Fast forward 20 years or so, and I’m in St. Augustine, Fla. Great place to fish, but it helps to have a boat. Mud flats are not for wading. A kayak is fine, but paddle power makes it tough to cover ground when the reds are schooling in the winter or bunched up during the summer flood tides.
Thanks to my father, who decided to down size, I finally have a boat — a 13-foot River Hawk that he dropped off at my beach bungalow one summer afternoon. This little canoe can fish two and runs on a 5HP Tohatsu or a 2HP Honda. At first, I was elated about the concept of going faster and farther.
Then the learning curve set in. Boats are a hell of a lot of work and I have no mechanical skill. None.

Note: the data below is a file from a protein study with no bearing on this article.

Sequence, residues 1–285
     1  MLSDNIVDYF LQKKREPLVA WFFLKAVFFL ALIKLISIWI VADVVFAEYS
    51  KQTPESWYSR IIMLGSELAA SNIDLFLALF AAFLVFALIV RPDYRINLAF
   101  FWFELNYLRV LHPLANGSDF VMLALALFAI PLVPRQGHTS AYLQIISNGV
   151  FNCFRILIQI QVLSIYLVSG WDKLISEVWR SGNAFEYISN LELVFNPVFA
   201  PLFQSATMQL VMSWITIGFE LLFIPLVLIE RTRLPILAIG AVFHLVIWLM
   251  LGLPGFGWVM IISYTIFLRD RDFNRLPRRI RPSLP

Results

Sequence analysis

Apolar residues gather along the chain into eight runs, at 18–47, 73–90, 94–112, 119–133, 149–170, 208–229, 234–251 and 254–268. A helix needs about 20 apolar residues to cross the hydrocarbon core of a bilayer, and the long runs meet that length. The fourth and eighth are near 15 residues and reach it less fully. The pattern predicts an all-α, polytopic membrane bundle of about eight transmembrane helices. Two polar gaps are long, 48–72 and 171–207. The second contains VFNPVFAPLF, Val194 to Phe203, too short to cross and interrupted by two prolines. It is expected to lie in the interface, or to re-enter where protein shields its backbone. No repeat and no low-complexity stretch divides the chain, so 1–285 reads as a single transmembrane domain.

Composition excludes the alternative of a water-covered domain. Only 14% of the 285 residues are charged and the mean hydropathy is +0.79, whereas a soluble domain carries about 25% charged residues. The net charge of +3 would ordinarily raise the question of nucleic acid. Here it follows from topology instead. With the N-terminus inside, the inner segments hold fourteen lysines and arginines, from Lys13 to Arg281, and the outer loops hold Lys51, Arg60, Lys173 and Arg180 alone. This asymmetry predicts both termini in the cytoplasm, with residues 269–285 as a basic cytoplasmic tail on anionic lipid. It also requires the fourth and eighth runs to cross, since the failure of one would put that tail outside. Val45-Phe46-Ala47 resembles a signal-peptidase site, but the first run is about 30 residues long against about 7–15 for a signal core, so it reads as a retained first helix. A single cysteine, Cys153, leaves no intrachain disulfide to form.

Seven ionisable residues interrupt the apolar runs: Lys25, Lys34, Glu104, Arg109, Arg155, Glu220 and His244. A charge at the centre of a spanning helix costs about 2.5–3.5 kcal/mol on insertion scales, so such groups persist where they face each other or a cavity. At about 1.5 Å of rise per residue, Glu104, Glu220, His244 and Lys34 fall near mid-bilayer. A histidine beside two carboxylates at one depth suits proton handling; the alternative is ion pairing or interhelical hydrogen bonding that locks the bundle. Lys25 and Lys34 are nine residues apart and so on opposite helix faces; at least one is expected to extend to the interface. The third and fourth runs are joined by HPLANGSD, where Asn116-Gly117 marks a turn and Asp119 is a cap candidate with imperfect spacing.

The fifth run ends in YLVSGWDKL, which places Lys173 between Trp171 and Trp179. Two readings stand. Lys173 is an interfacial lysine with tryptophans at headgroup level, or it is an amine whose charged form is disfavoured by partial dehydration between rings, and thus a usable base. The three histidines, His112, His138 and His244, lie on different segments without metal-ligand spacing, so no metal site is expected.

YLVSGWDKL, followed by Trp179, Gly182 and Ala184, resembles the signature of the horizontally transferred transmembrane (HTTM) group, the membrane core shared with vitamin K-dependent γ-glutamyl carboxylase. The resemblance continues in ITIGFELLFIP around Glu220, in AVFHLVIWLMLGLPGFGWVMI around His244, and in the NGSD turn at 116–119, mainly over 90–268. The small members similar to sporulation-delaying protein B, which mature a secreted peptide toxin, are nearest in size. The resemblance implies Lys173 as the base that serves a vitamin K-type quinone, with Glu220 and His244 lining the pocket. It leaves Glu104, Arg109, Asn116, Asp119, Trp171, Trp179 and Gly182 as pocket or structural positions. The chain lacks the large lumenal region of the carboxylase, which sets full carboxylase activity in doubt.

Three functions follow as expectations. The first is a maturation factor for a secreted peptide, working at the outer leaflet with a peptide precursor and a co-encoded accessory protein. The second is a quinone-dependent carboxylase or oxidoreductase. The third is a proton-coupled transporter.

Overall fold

One Step at a Time
With new owners, the path to progress is steep. First, I had to get a hitch on my Jeep. That took several trips to the mechanic and the dealership. Memo to all Jeep owners: If you get a non-Jeep hitch installed, you need to get the electronics calibrated — at the Jeep dealership. Then there was the adapter for the hitch, to ensure a proper hookup with the trailer’s wiring. Needless to say, neither of these two nuggets of info were in either owner’s manual.
Electrical problems continued to beckon. I had to get the tail lights fixed. Neither worked. Fortunately, a fairly handy friend helped me with this. Still, this project took several weeks of trial and error, mostly error. We tried to work with the original wiring, even replaced the bulbs and the running lights. Bit by bit, weekend by weekend, we eliminated options and simply decided to re-run the wires with a direct connection as possible. At that point, I was all for simplicity.